Breaking down the winner’s curse: Lessons from brain-wide association studies

We found an issue with a specific type of brain imaging study and tried to share it with the field. Then the backlash began.

Illustration of a brain made up of many smaller brains.
Study size: some types of fMRI studies benefit from very large sample sizes.
Illustration by Mari Fouz

In 2022, we caused a stir when, together with Brenden Tervo-Clemmens and Damien Fair, we published an article in Nature titled “Reproducible brain-wide association studies require thousands of participants.” The study garnered a lot of attention—press coverage, including in Spectrum, as well as editorials and commentary in journals. In hindsight, the consternation we caused in calling for larger sample sizes makes sense; up to that point, most brain imaging studies of this type were based on samples with fewer than 100 participants, so our findings called for a major change.

But it was an eye-opening experience that taught us how difficult it is to convey a nuanced scientific message and to guard against oversimplifications and misunderstandings, even among experts. Being scientific is hard for human brains, but as an adversarial collaboration on a massive scale, science is our only method for collectively separating how we want things to be from how they are.

The paper emerged from an analysis of the Adolescent Brain Cognitive Development (ABCD) Study, a large longitudinal brain-imaging project. Starting with data from 2,000 children, Scott showed that an average brain connectivity map he made using half of the large sample replicated almost perfectly in the other half. But when he mapped the association between resting-state activity—a measure of the brain during rest—and intelligence in two matched sets of 1,000 children, he found large differences in the patterns. Even with a sample size of 2,000—large in the human brain imaging world—the brain-behavior maps showed poor reproducibility.

For card-carrying statisticians, the result was not surprising. It reflected a pattern known as the winner’s curse, namely that large cross-sectional correlations can occur by chance in small samples. Paradoxically, the largest correlations will be “statistically significant” and therefore most likely to be published, even though they are the most likely to be wrong.

Smaller-than-expected effect sizes were old news in genome-wide association studies (GWAS), which had been forced more than a decade ago to push their sample sizes higher, eventually into the millions. But the neuroimaging field lagged behind—despite warnings about sampling variability in 2009 from neuroimaging statistician Tal Yarkoni.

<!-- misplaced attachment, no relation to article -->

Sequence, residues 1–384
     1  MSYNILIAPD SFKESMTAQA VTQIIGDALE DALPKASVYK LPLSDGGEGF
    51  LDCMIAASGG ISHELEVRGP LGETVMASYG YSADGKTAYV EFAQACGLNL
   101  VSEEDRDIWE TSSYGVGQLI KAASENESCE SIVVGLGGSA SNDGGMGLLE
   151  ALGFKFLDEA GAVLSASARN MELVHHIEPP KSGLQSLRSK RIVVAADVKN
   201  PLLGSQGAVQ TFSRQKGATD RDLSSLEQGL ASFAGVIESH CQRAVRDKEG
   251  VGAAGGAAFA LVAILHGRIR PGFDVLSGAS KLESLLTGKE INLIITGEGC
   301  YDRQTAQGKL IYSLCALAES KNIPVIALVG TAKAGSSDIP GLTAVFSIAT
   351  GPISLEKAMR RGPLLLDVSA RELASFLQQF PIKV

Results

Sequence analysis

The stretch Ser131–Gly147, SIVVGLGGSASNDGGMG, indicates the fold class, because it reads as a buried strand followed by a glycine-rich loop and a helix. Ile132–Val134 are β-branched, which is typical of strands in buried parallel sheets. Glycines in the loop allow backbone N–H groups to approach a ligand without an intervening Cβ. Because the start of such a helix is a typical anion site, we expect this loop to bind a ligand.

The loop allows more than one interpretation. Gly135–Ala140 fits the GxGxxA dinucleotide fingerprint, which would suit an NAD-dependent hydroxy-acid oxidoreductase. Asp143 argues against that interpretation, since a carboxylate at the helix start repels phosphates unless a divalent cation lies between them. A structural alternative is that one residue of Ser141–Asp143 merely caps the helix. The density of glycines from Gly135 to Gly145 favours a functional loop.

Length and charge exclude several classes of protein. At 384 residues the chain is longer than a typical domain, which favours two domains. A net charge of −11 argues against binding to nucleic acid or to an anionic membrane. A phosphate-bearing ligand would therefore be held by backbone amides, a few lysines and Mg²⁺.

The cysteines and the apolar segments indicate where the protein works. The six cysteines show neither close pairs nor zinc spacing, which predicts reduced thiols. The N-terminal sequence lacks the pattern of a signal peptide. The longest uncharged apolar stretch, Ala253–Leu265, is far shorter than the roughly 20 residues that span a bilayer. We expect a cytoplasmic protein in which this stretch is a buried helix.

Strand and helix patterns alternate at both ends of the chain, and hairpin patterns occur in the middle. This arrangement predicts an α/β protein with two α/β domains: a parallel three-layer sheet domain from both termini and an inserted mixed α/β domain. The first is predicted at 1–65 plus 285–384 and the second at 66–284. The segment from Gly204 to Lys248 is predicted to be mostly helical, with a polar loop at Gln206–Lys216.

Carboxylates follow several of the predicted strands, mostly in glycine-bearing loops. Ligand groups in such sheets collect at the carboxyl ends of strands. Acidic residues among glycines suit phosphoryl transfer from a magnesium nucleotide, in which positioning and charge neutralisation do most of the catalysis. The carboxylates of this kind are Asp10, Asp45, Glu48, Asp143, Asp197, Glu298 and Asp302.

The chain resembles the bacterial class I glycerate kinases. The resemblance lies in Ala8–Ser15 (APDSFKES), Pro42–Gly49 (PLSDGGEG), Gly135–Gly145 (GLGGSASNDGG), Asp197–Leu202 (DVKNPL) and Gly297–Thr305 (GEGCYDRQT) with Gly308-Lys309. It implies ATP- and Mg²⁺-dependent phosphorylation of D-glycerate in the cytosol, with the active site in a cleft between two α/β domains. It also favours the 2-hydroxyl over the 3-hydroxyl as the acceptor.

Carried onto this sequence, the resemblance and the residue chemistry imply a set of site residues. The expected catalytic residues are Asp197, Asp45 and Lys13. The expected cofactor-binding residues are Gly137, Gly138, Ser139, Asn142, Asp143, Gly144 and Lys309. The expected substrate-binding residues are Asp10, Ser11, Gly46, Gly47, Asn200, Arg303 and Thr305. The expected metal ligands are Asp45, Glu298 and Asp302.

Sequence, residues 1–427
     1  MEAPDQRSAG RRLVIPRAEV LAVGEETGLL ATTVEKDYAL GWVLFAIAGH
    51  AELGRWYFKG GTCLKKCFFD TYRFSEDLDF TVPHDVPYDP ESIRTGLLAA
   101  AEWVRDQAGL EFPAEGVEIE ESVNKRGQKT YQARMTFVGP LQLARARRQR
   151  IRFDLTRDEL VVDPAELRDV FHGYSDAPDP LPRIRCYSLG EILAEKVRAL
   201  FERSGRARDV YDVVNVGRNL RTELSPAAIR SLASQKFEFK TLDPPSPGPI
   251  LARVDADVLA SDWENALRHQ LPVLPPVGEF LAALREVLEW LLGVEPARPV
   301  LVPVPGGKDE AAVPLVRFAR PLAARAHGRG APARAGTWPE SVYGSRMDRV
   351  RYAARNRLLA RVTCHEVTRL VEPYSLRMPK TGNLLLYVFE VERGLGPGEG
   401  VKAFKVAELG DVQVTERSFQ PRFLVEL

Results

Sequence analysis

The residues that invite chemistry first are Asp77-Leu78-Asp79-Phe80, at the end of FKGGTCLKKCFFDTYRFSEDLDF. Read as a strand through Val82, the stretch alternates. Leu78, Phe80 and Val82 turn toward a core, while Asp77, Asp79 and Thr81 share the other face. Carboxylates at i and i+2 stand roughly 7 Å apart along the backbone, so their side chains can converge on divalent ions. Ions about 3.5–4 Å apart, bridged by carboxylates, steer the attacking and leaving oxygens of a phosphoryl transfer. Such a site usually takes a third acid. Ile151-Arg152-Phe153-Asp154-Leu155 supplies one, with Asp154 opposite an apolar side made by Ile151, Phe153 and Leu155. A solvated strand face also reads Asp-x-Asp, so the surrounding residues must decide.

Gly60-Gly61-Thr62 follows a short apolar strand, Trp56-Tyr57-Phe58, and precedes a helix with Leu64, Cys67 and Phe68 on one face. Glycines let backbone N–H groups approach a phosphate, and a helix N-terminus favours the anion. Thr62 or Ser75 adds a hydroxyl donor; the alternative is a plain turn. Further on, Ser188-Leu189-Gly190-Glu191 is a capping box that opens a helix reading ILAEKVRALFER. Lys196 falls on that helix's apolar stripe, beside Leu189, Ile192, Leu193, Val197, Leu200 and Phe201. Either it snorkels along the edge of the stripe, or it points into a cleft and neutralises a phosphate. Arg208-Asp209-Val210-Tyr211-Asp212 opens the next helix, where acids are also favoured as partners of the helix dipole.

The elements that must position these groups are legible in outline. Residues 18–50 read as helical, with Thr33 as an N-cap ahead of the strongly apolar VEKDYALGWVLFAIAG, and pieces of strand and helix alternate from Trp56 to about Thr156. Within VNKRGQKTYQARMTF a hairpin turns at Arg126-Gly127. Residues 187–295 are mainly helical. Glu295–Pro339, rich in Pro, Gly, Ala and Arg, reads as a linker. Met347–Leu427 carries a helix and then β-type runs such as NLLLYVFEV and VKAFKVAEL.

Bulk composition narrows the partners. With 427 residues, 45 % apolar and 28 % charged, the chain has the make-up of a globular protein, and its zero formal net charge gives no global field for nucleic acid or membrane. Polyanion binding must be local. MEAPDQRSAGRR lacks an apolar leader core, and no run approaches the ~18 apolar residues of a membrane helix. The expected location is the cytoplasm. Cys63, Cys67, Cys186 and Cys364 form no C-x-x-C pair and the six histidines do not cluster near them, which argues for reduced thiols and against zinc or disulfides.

Our finding offered a clear example of the problem, and we felt it was important to share with the field. But it was a difficult message for the community to hear. Indeed, when we decided to publish the finding, prominent collaborators asked to be removed from the manuscript, because they did not want to be associated with its message. Bracing for more fallout, we started to call it the “Manhattan Project.”


e knew functional MRI (fMRI) researchers sensitized to bad press in the past might project their worst fears onto our article. Several high-profile papers in the field, including one on a dead salmon, have identified statistical issues with analyses of fMRI data, calling into question some published findings, sometimes overly broadly. So we took great pains with the abstract, praising the transformational power of fMRI research, for example. Our findings applied to a specific type of fMRI study, which we coined brain-wide association studies (BWAS), rather than to classical brain-mapping studies, and we tried to clearly outline the difference. Classical fMRI activation studies look for an association between a brain region, such as the visual cortex, and a behavior, such as watching a checkerboard, a typically large effect that can be detected in an individual. BWAS studies, in contrast, look for cross-sectional correlations between brain metrics and behavioral phenotypes, such as psychopathology. These correlations are typically much smaller and require much larger samples.